Join OCA tutor Russell Squires on the 2 December at the Wellcome Collection in London.
What is a comfort zone and who defines them? Well, we all do; they are defined by our lack of experience or familiarity with a subject. They can be as little as trying a new technique, to exploring an alternative research pathway, and it is the discomfort and uneasiness we feel undertaking a new task that reaffirms our zones.
With so many photographs out there, trying to find an original idea for your photography project can be increasingly difficult. Just a quick search online may yield scores of images on the subject that you are investigating; perhaps even a series from a photographer, along with an artist’s statement that echoes those thoughts you have had in your head for ages. What happens now…?
Can there truly be a photographic palimpsest where there are layers upon layers hiding and disguising mistakes and decisions made? Or can it only exist in a manipulative and synthetic state where layers are purposefully formed to be decoded in an elaborate ruse? Perhaps through our ever-increasing digital libraries, new palimpsests will form or maybe this data recovery process could be a new movement of found photography.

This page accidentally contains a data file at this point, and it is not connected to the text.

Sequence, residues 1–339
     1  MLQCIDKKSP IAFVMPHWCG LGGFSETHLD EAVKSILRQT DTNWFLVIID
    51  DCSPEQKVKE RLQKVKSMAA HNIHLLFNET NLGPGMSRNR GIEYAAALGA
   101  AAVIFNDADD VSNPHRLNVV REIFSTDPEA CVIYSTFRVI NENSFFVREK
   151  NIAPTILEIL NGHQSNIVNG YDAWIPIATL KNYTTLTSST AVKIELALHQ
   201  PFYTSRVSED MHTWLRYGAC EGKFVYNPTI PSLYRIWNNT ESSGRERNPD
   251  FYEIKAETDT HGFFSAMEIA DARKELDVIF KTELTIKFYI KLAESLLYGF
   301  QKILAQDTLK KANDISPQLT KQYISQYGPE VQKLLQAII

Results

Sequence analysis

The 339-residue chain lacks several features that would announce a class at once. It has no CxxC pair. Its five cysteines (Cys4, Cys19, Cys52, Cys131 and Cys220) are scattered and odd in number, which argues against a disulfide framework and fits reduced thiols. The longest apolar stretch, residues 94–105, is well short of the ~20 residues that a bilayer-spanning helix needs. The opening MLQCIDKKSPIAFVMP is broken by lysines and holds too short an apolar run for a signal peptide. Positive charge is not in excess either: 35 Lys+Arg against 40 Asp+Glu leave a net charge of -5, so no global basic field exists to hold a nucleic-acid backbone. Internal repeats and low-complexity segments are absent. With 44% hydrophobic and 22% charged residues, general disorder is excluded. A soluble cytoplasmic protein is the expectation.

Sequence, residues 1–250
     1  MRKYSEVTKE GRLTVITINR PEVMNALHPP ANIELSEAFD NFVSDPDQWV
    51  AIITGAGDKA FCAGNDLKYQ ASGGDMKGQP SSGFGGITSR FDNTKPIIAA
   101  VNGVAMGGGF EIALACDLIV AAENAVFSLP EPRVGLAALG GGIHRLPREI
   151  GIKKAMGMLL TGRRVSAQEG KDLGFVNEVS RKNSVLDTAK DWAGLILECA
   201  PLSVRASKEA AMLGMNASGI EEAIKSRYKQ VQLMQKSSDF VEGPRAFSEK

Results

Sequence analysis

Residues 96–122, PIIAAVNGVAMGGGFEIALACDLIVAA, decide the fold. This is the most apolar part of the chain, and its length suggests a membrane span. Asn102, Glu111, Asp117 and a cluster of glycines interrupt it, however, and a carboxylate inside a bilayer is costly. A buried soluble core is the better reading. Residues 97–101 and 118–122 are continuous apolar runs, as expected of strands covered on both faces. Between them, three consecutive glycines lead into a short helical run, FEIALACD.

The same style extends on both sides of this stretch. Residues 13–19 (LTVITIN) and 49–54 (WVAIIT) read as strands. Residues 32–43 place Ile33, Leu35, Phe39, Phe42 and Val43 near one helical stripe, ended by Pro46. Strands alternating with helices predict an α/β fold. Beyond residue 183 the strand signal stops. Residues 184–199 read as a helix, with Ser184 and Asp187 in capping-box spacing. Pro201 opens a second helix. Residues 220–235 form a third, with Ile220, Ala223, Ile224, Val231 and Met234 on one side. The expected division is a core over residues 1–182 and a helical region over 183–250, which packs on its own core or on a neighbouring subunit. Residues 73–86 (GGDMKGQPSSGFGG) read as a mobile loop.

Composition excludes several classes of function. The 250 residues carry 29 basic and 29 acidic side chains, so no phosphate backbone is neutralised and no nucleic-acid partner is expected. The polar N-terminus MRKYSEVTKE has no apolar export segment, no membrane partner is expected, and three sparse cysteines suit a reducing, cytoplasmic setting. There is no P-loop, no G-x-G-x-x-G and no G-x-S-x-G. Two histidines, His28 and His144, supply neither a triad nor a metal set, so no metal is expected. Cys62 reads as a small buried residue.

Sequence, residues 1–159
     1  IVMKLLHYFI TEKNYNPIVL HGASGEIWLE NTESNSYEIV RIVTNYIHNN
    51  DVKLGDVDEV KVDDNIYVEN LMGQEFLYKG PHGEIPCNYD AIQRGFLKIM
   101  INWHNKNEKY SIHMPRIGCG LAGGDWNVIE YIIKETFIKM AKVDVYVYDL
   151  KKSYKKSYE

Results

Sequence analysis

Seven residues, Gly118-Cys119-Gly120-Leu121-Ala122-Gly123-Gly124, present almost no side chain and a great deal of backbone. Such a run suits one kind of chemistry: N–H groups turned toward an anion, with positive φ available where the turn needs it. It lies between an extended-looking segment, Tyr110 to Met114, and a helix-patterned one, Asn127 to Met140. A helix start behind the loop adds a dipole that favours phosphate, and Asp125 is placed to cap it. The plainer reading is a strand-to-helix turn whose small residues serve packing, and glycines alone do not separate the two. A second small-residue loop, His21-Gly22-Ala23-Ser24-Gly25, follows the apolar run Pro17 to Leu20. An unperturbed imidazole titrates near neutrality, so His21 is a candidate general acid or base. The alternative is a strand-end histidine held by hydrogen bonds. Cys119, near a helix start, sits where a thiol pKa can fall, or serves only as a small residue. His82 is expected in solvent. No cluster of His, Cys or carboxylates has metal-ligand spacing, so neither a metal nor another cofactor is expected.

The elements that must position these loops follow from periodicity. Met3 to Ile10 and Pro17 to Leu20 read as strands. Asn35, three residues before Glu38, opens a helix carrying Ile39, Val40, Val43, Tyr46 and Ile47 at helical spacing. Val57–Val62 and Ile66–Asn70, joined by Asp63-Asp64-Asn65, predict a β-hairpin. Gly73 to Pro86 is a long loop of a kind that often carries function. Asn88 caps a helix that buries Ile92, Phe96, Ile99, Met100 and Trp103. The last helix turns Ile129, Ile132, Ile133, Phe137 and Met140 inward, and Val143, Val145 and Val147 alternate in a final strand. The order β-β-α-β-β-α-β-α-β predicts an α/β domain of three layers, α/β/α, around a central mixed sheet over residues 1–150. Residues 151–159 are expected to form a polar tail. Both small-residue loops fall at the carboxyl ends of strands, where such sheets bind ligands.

Generally the notion of late photography concerns itself with the subject of war and conflict, with an objective of recording the aftermath of the event, a document of what is left behind. Somewhat scenic vistas are captured, typically with large format cameras to gather as much detail and clarity as possible; they are an aestheticized response to what has happened.
I have seen rather a few exhibitions this summer and not just photography but sculpture, video, performance, writing, sound and painting; I just could not get enough. What I found interesting though with all these shows, is just how controlling photographic narrative can be through certain forms of production and presentation.